Edinburgh Fringe 2013
Relax to the dulcet tones of Richard’s fake songs, topical pranks, silly games, and satirical mashups in his hit show about changing the world. A jetlagged litterpicker of the world’s cultural landfill, watch DeDomenici throw civilisation at the wall, caution to the wind, and see what sticks. Like a can of tomato soup Popaganda is condensed, easily digestible, and likely to stain. ‘Outrageous, hilarious but piercing, a sharp critique of modern myth-making’ **** (Scotsman). ‘The thinking man’s Ashton Kutcher’ (Guardian). ‘Ludicrously funny and daring’ (Total Theatre Magazine). ‘Cerebral, accessible and subversive’ (List), ‘Uniquely wonderful’ (BroadwayBaby.com). ***** (AcrossTheArts.co.uk). www.dedomenici.com/popaganda
Richard DeDomenici is a live-artist. He is presenting Popaganda at the Edinburgh Fringe Festival to document how the art he creates appears to have a cumulative world-changing effect. Interspersed with film-documentation of his live-art feats he keeps the audience entertained with silly meme style mash ups and puns.
Popaganda is incredibly funny. My friend left the theatre complaining of a laughter-induced headache and we caused quite a stir in the usually sedate Hunt and Darton Bar as we fell from the theatre space, laughing and recounting jokes to one another. DeDomenici reassured us at the beginning of the piece that Popanganda is ‘ADHD ready’, and it certainly is, flitting from performances to re-dubbed theme tunes and back with the ferociousness of a teenager flipping channels.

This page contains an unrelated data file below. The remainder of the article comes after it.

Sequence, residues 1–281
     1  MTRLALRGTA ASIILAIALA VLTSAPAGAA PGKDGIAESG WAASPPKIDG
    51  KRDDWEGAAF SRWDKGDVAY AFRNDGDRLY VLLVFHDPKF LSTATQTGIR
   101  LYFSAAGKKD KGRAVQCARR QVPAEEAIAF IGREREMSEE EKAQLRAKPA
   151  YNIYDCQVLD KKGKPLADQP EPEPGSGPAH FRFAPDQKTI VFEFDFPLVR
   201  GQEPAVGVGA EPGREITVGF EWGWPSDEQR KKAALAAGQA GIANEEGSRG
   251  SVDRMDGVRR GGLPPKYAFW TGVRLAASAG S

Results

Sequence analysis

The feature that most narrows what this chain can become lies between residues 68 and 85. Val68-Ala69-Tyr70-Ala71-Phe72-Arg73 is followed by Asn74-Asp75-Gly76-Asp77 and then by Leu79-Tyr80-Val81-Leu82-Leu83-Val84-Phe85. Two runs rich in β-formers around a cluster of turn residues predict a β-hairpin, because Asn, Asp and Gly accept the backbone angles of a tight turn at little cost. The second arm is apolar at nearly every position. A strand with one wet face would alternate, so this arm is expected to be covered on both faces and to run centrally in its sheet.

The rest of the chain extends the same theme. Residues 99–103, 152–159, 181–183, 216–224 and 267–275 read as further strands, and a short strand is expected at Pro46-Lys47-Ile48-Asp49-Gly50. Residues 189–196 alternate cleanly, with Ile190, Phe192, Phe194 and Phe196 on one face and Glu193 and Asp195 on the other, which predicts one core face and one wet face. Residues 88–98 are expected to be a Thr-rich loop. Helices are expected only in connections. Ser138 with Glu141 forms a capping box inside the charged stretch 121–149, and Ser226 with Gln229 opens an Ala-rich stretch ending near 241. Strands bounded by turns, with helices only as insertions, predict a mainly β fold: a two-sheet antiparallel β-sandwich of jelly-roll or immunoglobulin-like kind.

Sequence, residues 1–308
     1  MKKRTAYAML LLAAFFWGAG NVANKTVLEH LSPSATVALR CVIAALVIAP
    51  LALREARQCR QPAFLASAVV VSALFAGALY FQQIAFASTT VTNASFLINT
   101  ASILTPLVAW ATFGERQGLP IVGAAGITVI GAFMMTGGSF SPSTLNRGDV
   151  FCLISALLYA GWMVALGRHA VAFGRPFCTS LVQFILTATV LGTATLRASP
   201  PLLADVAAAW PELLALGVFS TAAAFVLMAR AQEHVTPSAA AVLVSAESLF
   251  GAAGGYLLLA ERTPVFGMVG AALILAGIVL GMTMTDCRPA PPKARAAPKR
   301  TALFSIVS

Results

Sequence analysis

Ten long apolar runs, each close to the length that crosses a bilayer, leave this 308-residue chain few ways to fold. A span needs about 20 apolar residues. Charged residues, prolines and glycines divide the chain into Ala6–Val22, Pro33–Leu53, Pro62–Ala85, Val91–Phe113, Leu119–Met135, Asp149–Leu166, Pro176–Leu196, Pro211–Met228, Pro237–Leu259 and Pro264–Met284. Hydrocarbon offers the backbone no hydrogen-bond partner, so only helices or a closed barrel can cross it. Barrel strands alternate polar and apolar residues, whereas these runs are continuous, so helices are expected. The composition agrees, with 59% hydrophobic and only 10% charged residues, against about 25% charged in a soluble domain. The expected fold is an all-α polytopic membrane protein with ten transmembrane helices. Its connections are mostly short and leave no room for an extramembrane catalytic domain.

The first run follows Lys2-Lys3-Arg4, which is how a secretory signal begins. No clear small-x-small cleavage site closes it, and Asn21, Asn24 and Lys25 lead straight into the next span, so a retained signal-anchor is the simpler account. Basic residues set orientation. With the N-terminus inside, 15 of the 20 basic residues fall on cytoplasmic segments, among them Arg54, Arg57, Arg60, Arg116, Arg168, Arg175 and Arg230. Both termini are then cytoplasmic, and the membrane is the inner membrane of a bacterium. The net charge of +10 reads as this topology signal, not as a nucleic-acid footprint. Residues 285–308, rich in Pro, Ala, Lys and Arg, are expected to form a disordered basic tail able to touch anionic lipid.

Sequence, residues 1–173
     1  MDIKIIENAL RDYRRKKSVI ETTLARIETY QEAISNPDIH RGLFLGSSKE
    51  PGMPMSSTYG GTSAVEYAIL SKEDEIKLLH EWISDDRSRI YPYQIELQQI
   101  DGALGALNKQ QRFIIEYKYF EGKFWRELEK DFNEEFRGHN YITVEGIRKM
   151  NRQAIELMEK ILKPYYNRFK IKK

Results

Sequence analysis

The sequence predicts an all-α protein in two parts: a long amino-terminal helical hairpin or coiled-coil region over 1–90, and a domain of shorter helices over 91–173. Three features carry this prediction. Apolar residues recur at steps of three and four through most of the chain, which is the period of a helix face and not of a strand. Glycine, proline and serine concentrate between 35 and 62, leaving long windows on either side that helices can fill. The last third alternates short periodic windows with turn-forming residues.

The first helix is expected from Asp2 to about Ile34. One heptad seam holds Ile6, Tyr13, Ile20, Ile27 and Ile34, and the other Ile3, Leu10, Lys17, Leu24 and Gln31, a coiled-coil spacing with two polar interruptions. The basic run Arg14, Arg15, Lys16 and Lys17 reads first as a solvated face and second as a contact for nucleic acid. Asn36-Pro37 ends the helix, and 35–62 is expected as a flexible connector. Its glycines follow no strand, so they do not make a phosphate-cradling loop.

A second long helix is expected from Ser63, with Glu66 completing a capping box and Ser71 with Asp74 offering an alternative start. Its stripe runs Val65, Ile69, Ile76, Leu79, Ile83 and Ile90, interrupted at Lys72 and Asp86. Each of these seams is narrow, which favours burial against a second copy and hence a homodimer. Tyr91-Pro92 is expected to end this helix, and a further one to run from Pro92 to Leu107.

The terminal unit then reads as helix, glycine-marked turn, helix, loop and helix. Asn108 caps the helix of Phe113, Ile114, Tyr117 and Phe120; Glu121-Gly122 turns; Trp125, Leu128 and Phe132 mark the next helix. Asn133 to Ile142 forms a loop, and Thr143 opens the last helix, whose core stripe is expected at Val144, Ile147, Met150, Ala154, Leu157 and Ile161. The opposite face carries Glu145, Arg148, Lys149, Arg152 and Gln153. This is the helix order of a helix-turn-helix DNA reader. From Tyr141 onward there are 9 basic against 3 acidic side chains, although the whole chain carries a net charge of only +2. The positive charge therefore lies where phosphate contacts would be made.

DeDomenici is currently working on a series of film re-duxes – to undermine the cultural hegemony of the USA, of course. This includes reshooting the recent Cloud Atlas at the same locations in Glasgow. This process of ‘re-duxing’ is very interesting; played next to the original the audience considers originality in art, pastiche, and the varying budgets of Hollywood and the live artist.
The audience is also treated to snippets from DeDomenici’s attempt to undermine the Olympic torch bearers by running in front of them with a fake torch. These excerpts were very entertaining and showed DeDomenici’s bravado and humour.
There is certainly a lot to take in at Popaganda – this show is packed full – and as the title suggests harnesses a variety of popular culture means to celebrate the silly.
However, beyond the silly, there is not enough coherence. It’s not clear why this show is being performed live as it relies so heavily on the work of the past relayed through the multimedia projections. Popaganda needs something to also be happening in the ‘live’ space in order to justify why we are sitting and watching this at the Hunt and Darton Café, rather than back home on YouTube.
A brief moment of audience interaction was well placed, but too brief to fulfil this need. The performance seemed to be overrunning so we missed the swivel chair antics that other audiences saw. Maybe move this section to earlier in the show so there is no danger of it being missed?
DeDomenici’s persona is likeable and warm, and his crazy stunts are really worth a watch.